Review:

I recently watched No Game No Life again because I managed to convince someone it was an anime worth watching (they have a fairly long list of deal breakers when it comes to anime including anything with a high-school setting so it’s always refreshing to find an anime they’ll watch). The first time I watched this series I absolutely loved every minute of it. So how did it survive the rewatch?

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The answer is pretty well, but the flaws of the series become far more glaringly obvious when the pretty and wow factor have faded and you already know the outcome of the games (though you kind of new the outcome in the first place it was more how they were going to pull it off). Breaking No Game No Life down.

Characters:

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Are characters are complete and over-the-top parodies of human beings (even though the vast majority aren’t human). And while this isn’t necessarily a bad thing, it does make it hard to feel sympathy, empathy, or anything else for the characters.

And just when you think Sora and Shiro aren’t so bad afterall, Shiro’s outright lack of human emotion will punch you in the gut or Sora will follow up a truly brilliant dialogue with a panty joke or something equally jarring from the flow of the show.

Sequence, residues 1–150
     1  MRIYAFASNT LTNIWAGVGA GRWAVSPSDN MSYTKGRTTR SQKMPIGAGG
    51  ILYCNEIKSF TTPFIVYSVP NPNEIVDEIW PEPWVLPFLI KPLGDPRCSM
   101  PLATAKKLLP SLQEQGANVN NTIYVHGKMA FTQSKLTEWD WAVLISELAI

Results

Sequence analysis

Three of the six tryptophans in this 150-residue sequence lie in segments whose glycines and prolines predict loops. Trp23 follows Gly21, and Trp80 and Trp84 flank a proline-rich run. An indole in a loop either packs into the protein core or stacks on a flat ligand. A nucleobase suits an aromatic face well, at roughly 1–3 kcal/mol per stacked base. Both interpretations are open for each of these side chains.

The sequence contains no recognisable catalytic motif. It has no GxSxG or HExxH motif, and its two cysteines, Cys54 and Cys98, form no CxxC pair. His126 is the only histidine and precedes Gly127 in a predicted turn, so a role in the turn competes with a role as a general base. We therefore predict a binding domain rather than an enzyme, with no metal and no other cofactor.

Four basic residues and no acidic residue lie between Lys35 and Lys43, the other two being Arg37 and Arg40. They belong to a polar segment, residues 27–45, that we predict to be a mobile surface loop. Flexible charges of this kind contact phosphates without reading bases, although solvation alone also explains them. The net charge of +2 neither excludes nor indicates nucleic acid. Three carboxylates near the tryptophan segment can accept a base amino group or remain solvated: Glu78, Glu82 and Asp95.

That said, there is something amazing about these characters. My personal favourite is Izuna, who unfortunately doesn’t come along until close to the end but is actually the character I found the most sympathetic.

Jibril has some shining moments (anyone who values libraries and knowledge automatically gets some brownie points) and her adaptability is something to behold. But, those moments are contrasted with their attempts at using Jibril for comedic purposes that mostly fall flat. She was at her funniest when recalling the previous was when she apparently single-handedly wiped out man elves and that was pretty dark humour being thrown around in that scene.